Fleetthe Fleetbelowdebtors' prisonFleet debtors' prisonLiberty of the FleetWarden of the Fleet Prison
Fleet Prison was a notorious London prison by the side of the River Fleet.wikipedia
399 Related Articles
Clandestine Marriageclandestine marriages clandestine marriage
From 1613 on, there were also many clandestine Fleet Marriages.
Specifically, it was one which took place in London's Fleet Prison or its environs during the 17th and, especially, the early 18th century.
FleetFleet RiverFleet Ditch
Fleet Prison was a notorious London prison by the side of the River Fleet.
The area came to be characterised by poor-quality housing and prisons: Bridewell Palace itself was converted into a prison; Newgate, Fleet and Ludgate prisons were all built in that area.
Marshalsea PrisonWhite Lion prisonMarshalsea Debtors' Prison
Like the Marshalsea prison, it was divided into a restrictive and arduous common side and a more open master's side, where rent had to be paid. In 1842, in pursuance of an Act of Parliament, by which inmates of the Marshalsea, Fleet and Queen's Bench prisons were relocated to the Queen's Prison (as the Queen's Bench Prison was renamed), it was finally closed, and in 1844 sold to the Corporation of the City of London, by whom it was pulled down in 1846.
When the Fleet Prison closed in 1842, two debtors were found to have been there for 30 years.
NewgateNewgate GaolNewgate Jail
He was committed to Newgate Prison, and an act was passed to prevent his enjoying the office of warden.
Peasants RevoltEnglish peasants' revolt of 1381Peasants' Revolt of 1381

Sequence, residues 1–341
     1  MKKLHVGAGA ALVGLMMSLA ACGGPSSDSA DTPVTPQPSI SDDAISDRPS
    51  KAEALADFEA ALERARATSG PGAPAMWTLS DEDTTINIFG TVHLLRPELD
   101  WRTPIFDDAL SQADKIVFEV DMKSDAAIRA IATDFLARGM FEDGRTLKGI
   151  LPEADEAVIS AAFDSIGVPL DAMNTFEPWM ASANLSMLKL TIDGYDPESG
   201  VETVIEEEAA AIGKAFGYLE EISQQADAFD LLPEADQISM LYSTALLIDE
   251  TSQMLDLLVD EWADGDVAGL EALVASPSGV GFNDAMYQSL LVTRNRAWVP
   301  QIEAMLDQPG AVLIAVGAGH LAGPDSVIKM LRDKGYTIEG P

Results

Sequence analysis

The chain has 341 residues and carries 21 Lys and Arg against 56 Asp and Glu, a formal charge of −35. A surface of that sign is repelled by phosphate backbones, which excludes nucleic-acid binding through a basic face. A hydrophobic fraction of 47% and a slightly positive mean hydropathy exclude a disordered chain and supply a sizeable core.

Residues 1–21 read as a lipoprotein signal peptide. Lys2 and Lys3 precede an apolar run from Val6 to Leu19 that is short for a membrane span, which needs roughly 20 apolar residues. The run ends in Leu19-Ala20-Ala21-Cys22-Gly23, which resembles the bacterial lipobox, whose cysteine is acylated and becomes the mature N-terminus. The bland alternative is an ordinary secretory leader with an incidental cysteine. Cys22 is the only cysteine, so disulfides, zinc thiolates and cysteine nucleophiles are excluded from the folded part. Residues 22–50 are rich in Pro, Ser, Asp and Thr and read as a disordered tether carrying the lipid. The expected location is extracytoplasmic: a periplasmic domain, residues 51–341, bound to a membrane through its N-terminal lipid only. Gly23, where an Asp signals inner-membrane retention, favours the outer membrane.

In 1381, during the Peasants' Revolt, it was deliberately destroyed by Wat Tyler's men.
The Fleet and Newgate Prisons were attacked by the crowds, and the rebels also targeted houses belonging to Flemish immigrants.
One purchaser of the office, Thomas Bambridge, who became warden in 1728, was of particularly evil repute.
Thomas Bambridge (died 1741) was a British attorney who became a notorious warden of the Fleet Prison in London.
King's BenchQueen's Bench Prisonrules of the King's Bench
In 1842, in pursuance of an Act of Parliament, by which inmates of the Marshalsea, Fleet and Queen's Bench prisons were relocated to the Queen's Prison (as the Queen's Bench Prison was renamed), it was finally closed, and in 1844 sold to the Corporation of the City of London, by whom it was pulled down in 1846.
In 1842 it became the Queen's Prison taking debtors from the Marshalsea and Fleet Prisons and sending lunatics to Bedlam.
He died a bankrupt in the Fleet debtors' prison.
DonneJonathan DunneAnn More
In 1601, the poet John Donne was imprisoned until it was proven that his wedding to Anne Donne (née More) was legal and valid.
Upon discovery, this wedding ruined Donne's career, getting him dismissed and put in Fleet Prison, along with the Church of England priest Samuel Brooke, who married them, and the man who acted as a witness to the wedding.
Ludgate Hill stationLudgate HillLudgate station
After lying empty for 17 years the site was sold to the London, Chatham and Dover Railway and became the site of their new Ludgate station.
It was situated on Ludgate Viaduct (a railway viaduct) between Queen Victoria Street and Ludgate Hill, slightly north of St. Paul's station (now called Blackfriars station) on the site of the former Fleet Prison.
In 1748, Cleland was arrested for an £840 debt (equivalent to a purchasing power of about £100,000 in 2005) and committed to Fleet Prison, where he remained for over a year.
Protestant AssociationGordon riotersNo Popery